Jomon art: Japan’s prehistoric charm

by Jeff Michael Hammond

Contributing Writer

Fertile periods of artistic endeavor are not hard to come by in Japanese history. Many would cite, for example, the Edo (1603-1868), Muromachi (1392-1573), or Heian (794-1185) periods. Few, however, would mention the ancient Jomon Period (10,000-200 B.C. )in the same breath.

The Tokyo National Museum aims to change that with its “Jomon: 10,000 Years of Prehistoric Art in Japan” exhibition, which has rounded up more than 200 items — everything from ancient jars to masks.

Jomon artifacts have been discovered across the country, from as far north as Hokkaido down to Kyushu. The Jomon Period — which is actually divided into a series of smaller periods — lasted from roughly 10,000 to 200 B.C., although this exhibition also includes items from the Yayoi Period (200 B.C.-A.D. 250) that followed it.

Aside from sheer length, another distinctive feature of the period was its environmental and social stability. Coming out of a long ice age, the people of Jomon were blessed with a warm climate, and plenty of fish, game and wild fruit and vegetables. This meant they could continue with their hunter-gatherer way of life with no need to develop or adopt agriculture, or to go to war for resources.

They did, however, require food storage containers and utensils to eat with, and this exhibition begins with examples of the jars, bowls and other kinds of everyday objects they used. Many of these objects are decorated with the “cord marks” that give the period its name Jomon, meaning “rope patterned.” This technique of creating texture by pressing cords or ropes into wet clay before firing was particularly prevalent in early Jomon pottery, but continued throughout the period. Sometimes, a keen aesthetic sensibility is evident where the maker highlights a contrast between roughly textured sections and other undecorated areas that have been polished smooth.

In later items, relief is created by adding strips of clay vessels to make protruding ridges. This can be seen on the many examples of large pots that have either vibrant flame-like additions their four corners, or wave-like lines running along the length of the rim — or both.

There is a keen sense of visual playfulness in the design of many of the objects, such as crooked noses or triangular or heart-shaped heads in various decorative dogū (clay figurines). The artistic qualities of Jomon culture, though, went largely unrecognized until just after World War II, when some artists, notably Taro Okamoto, revived interest in the art of the period.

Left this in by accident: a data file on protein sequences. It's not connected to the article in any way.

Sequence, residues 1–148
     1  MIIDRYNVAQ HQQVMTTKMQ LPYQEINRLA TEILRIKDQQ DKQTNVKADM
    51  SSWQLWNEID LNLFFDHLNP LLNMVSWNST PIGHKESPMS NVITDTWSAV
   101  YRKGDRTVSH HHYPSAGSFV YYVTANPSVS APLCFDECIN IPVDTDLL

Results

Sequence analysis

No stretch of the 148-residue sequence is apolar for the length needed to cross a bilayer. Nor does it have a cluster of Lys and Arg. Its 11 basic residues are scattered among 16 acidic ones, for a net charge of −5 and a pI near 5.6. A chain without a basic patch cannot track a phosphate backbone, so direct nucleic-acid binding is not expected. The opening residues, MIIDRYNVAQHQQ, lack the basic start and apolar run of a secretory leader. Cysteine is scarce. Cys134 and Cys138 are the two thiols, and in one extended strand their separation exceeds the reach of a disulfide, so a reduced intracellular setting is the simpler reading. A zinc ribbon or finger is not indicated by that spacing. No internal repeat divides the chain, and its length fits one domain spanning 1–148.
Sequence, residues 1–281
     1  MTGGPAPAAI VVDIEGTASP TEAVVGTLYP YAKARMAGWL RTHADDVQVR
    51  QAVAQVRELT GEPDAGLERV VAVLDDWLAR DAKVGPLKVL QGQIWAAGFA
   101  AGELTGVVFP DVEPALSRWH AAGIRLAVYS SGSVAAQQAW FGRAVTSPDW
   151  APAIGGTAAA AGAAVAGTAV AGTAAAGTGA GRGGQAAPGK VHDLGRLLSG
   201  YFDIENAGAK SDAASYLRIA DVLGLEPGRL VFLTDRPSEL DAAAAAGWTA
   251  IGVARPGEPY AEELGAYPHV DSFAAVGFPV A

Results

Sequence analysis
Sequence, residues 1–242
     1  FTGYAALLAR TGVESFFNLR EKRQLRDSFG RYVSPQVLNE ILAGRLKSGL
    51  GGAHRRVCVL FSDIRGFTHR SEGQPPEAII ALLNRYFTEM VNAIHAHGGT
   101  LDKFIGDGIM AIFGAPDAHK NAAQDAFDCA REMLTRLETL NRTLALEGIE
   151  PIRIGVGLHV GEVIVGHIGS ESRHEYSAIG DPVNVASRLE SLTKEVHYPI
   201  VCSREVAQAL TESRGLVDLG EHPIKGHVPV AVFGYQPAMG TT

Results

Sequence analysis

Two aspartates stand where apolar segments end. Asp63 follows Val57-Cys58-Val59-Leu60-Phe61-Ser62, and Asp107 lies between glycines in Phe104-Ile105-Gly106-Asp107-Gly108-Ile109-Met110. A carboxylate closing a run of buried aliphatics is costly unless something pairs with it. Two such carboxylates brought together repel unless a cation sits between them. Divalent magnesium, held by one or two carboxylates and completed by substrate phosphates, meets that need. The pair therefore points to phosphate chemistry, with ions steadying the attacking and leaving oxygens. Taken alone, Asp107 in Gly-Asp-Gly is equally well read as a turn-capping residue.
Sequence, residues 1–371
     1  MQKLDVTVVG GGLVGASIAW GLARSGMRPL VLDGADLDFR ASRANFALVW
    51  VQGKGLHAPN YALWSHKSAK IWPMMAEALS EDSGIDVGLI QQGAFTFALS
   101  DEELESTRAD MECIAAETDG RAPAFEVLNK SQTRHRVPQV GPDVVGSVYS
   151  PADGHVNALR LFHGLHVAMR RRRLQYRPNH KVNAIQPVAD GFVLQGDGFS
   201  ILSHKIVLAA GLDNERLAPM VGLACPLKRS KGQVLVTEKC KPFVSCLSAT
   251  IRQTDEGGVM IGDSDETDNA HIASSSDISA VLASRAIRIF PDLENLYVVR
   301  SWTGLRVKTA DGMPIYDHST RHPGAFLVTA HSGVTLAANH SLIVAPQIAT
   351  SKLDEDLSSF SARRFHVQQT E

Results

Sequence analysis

It was not until even later in 1995 that the first Jomon artifact was designated a National Treasure. Since then, several other examples have been similarly honored, or made Important Cultural Properties, some of which are on display in a small section titled “The Zenith of Jomon Art,” housed in a room painted a dramatic deep red. These exhibits include the voluptuous “Jomon Venus” and the intriguing “Jomon Goddess” dogū. The latter has flared legs featuring serrated lines and protuberances that suggest both shoulders blades and breasts.

The exhibition’s largest section is left to near last and looks at the religious or spiritual dimension of Jomon culture. Here, figures of animals can be seen, perhaps used to pray for a good hunt, or perhaps made out of a sense of awe at the animals’ strength. Other objects are described as connected to fertility, or represent women giving birth, and some show people in unusual poses that we don’t recognize today. With an understated sound design playing as a backdrop, this is perhaps the show’s most atmospheric room.

The exhibition is rounded off with a brief look at how 20th-century artists responded to these works — for example the replicas of Jomon wares made under the direction of master potter Shoji Hamada for educational purposes, and the special case that Muneyoshi Yanagi (also known as Soetsu Yanagi), pioneer of the mingei Japanese folk arts and craft movement, had made to house a prize piece of Jomon wonder.

“Jomon: 10,000 Years of Prehistoric Art in Japan” at the Heiseikan, Tokyo National Museum runs until Sept. 2; ¥1,600. For more information, visit www.tnm.jp/?lang=en.